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  • OMG! Angelina and I are Positive! – Dr. Franklin GYN

    BRCA-testingA few weeks ago, a long-standing patient of mine gave me her family history – her mother had died from ovarian cancer.  According to the published guidelines, Judy qualified for testing for HBOC (Hereditary Breast and Ovarian Cancer Syndrome).  BRCAI and BRCAII are the specific genes that can carry the mutation, which can dramatically increase an individuals risk for breast and ovarian cancer.  Statistically, now that Judy is a carrier for this gene mutation, she has up to a 50% chance of getting breast cancer by age 50, and up to 44% chance of developing ovarian cancer by age 70.  Judy’s children, sisters, and brothers have a 50% chance of being BRCA positive.  This is scary but at the same time exciting information for Judy.  Armed with this information, she now has been empowered to be proactive, take charge of her life and beat the odds if she proceeds with risk reducing surgery to prevent breast and ovarian cancer – truly amazing and wonderful!  Without the knowledge of HBOC syndrome or the desire and inclination, most gynecologists could have easily overlooked or not even bothered to question Judy about her important family history and explain to her the benefits of a simple blood test.  Most insurance companies will either cover a portion or all of the cost if she qualifies by well established guidelines.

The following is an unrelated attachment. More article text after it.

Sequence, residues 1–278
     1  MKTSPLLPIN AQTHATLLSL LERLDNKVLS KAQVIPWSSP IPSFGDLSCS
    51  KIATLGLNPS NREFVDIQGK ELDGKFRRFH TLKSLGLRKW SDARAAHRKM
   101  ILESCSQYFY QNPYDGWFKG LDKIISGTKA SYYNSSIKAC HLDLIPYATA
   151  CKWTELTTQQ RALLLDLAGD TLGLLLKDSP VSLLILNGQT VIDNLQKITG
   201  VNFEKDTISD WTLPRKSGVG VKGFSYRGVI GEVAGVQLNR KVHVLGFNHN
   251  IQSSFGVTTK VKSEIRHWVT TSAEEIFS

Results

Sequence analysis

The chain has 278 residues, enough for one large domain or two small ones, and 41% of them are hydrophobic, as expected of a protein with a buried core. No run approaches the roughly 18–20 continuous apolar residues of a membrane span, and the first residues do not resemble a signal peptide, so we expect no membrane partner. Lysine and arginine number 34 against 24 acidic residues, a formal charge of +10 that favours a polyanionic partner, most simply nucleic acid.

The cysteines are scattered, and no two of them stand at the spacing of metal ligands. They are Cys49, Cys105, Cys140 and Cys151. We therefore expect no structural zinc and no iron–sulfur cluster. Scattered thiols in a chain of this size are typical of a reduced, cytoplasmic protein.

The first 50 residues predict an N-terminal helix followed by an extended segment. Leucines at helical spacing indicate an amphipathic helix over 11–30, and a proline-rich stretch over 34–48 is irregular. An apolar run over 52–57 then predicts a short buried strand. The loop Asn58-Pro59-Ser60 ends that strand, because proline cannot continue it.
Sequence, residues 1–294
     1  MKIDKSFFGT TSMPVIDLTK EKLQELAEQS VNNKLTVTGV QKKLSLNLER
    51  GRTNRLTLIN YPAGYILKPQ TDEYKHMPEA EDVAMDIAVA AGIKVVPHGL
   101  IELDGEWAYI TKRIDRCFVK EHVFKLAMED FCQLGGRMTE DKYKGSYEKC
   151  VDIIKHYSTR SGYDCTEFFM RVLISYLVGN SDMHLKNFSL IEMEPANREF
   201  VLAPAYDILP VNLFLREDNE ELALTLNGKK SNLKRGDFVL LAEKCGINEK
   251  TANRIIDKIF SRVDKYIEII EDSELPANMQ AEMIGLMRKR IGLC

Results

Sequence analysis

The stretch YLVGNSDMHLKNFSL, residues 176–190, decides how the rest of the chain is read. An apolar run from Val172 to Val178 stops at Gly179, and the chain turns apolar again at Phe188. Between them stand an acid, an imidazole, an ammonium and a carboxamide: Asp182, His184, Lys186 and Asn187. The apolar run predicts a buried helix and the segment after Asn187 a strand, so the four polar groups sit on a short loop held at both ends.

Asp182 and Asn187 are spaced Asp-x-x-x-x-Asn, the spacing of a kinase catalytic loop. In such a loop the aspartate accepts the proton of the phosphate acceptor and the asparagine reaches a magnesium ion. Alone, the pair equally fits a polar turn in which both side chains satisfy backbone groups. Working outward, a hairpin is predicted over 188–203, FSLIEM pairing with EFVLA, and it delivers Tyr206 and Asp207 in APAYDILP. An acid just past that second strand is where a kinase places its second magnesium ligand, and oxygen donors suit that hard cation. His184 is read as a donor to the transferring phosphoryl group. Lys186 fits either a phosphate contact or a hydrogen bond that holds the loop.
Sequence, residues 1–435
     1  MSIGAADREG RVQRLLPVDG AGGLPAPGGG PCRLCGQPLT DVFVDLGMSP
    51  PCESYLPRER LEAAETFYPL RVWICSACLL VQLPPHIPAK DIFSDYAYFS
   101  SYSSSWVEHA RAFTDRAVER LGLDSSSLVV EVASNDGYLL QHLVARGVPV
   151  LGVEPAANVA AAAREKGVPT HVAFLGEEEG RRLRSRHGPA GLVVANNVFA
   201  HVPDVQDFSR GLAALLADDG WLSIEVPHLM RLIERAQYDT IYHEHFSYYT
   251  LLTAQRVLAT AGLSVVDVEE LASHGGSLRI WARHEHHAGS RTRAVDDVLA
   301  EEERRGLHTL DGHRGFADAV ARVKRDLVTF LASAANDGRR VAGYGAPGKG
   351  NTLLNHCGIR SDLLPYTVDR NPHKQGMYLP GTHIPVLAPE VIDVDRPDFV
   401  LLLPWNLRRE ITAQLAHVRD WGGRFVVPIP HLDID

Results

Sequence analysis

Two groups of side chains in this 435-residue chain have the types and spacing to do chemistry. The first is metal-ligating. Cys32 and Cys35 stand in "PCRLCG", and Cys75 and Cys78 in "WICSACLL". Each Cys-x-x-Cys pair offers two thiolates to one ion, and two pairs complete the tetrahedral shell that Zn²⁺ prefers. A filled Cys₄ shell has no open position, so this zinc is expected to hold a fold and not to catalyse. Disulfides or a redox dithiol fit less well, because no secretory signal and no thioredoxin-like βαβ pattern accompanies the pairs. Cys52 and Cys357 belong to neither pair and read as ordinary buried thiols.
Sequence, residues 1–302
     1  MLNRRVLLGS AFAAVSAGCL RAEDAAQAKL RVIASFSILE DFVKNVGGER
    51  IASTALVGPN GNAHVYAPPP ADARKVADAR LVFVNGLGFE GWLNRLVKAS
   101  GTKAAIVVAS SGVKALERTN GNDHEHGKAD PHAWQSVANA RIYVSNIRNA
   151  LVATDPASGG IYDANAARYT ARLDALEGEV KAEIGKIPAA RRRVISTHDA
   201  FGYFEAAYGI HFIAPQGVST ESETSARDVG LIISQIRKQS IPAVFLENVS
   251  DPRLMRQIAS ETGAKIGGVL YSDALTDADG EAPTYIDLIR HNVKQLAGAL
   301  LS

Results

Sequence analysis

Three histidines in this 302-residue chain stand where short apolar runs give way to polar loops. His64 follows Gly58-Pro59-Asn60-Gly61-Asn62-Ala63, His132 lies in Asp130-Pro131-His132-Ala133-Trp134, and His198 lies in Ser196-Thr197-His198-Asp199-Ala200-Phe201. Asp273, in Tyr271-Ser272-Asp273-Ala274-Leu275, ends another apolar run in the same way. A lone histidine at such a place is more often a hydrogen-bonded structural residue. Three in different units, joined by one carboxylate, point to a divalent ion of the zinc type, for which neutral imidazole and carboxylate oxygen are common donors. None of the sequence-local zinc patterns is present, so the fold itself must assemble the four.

There are other options available other than surgery for younger patients who have been identified with a positive BRCA mutation.  This may include ongoing surveillance with yearly mammograms and breast MRI for early detection; also pelvic ultrasounds and serum tumor markers are available that can screen for ovarian cancer before any signs and symptoms develop. If your family history has several relatives with breast, ovarian, uterine, or colon cancer, let your gynecologist be aware and ask to be tested if you qualify.  Knowledge is power and you can live a long healthy life with whatever medical or surgical options you choose.  Don’t bury your head in the sand – what you don’t know can lead you to unnecessary suffering expense and misery for you and your loved ones.

     

     

     

     

     

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